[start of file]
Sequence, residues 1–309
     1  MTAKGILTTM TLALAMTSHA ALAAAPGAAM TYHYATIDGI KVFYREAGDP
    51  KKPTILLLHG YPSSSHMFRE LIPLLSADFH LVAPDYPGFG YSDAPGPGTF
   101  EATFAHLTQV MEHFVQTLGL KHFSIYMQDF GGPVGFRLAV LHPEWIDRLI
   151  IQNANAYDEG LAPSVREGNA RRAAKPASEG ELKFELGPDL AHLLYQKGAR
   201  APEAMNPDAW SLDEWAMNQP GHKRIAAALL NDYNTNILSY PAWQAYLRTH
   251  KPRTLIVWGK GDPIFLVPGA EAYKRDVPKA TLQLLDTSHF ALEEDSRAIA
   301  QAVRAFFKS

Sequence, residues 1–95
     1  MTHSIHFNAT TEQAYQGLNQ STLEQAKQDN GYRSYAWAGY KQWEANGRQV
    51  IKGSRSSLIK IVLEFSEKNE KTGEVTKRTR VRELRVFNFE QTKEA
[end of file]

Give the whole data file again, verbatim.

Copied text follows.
Sequence, residues 1–309
     1  MTAKGILTTM TLALAMTSHA ALAAAPGAAM TYHYATIDGI KVFYREAGDP
    51  KKPTILLLHG YPSSSHMFRE LIPLLSADFH LVAPDYPGFG YSDAPGPGTF
   101  EATFAHLTQV MEHFVQTLGL KHFSIYMQDF GGPVGFRLAV LHPEWIDRLI
   151  IQNANAYDEG LAPSVREGNA RRAAKPASEG ELKFELGPDL AHLLYQKGAR
   201  APEAMNPDAW SLDEWAMNQP GHKRIAAALL NDYNTNILSY PAWQAYLRTH
   251  KPRTLIVWGK GDPIFLVPGA EAYKRDVPKA TLQLLDTSHF ALEEDSRAIA
   301  QAVRAFFKS

Sequence, residues 1–95
     1  MTHSIHFNAT TEQAYQGLNQ STLEQAKQDN GYRSYAWAGY KQWEANGRQV
    51  IKGSRSSLIK IVLEFSEKNE KTGEVTKRTR VRELRVFNFE QTKEA